Ms. Jacoby spends a considerable time outlining the history of the latter. She shows more generally how theistic irrationality emerged in the South following the War for Independence, and became cemented in place as a widespread affliction after the War Between the States. She also gives us a wide array of the thinking of leading secular humanists in the North—including Jefferson, Paine, Emerson, Thoreau, and many others—who during the 19th century fought a continuing battle for reason and science. The conflict she claims was typically in the context of Darwinian evolution; the South was not so inclined as the North to give up both slavery of the mind (to phantasms of the Bible) and slavery of others. [Even though arguments can be made that political elites on both sides relied heavily on mass ignorance, popular ignorance in the South rested more along lines of dogmatic religious faith.]
So a large part of the book is a highly valuable, readable, and thoroughly fascinating intellectual (and anti-intellectual) history lesson. The 19th century history lesson proceeds into the 20th. In the 1960s, Jacoby's focus turns from the Bible Belt to the emerging dominance of video media over the consciousnesses of so many—the "culture of distraction." In our time, we have the "benefits" of both: antireason fundamentalism and antireason media; it's a difficult combination to overcome. And she admits it may be too late to rescue the conceptual mind from oblivion: "It is possible nothing will help. The nation's memory and attention span may have already sustained so much damage that they cannot be revived by the best efforts of America's best minds."
Yet she concludes with a more positive:
"If there is to be an alternative to the culture of distraction, it can only be created one family at a time, by parents and citizens determined to preserve a saving remnant
of those who prize memory and true learning above all else. Adult self-control, not digital parent controls, is the chief requirement for the transmission of individual and historical memory." — page 316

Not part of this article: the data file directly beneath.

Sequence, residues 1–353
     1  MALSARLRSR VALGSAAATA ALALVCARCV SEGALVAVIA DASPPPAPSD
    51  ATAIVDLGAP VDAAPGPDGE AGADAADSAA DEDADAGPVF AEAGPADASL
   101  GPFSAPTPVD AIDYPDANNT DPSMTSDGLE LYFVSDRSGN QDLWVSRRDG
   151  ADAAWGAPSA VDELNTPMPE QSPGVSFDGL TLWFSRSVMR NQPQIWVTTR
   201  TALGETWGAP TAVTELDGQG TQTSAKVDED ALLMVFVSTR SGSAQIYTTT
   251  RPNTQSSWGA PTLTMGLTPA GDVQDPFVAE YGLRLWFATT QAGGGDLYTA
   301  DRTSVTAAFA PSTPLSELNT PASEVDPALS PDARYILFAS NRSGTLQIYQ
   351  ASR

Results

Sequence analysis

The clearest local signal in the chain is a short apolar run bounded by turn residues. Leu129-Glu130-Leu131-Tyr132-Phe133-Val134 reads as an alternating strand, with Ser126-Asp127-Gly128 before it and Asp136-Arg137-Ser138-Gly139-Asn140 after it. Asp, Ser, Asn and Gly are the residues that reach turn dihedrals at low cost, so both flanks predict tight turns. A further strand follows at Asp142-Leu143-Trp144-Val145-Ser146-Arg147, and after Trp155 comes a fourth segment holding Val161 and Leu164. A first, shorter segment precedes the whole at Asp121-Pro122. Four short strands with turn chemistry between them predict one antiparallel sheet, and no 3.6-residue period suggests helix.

In other words, get out those books. Insist on nothing less than a literally conceptual, rational world.
This is a significant work by a person I admire professionally and personally. But it's necessary to qualify my praise of her book with a couple of broad criticisms: 1) Ms. Jacoby makes several assertions and assumptions as to the validity—both morally and intellectually—of government schools. This position is common among the "liberal" branch of secular humanists, and it's been my experience they hold it with a ferocity that filters away any libertarian analysis [from history and from common sense (such as the educational freedom ideas of John Taylor Gatto)] that may challenge their faith that one can learn at the point of a gun. 2) The author takes a petty swipe at the rational individualism of Ayn Rand, referring to Rand's notions as "tedious mid-20th-century social Darwinism," i.e. merely another form of dogmatism. If you're in a battle against faith, as we are, it does no good to foul the deep waters of reason plumbed by Rand and [some of] her intellectual heirs. Jacoby, by condemning without consideration, has taken a perverse cheap shot against her own team. And it demonstrates to me that she is unwilling or unable to let go of probably the biggest impediment to the success of reason: the frozen abstraction that government coercion is consistent with the ideals of secular humanism.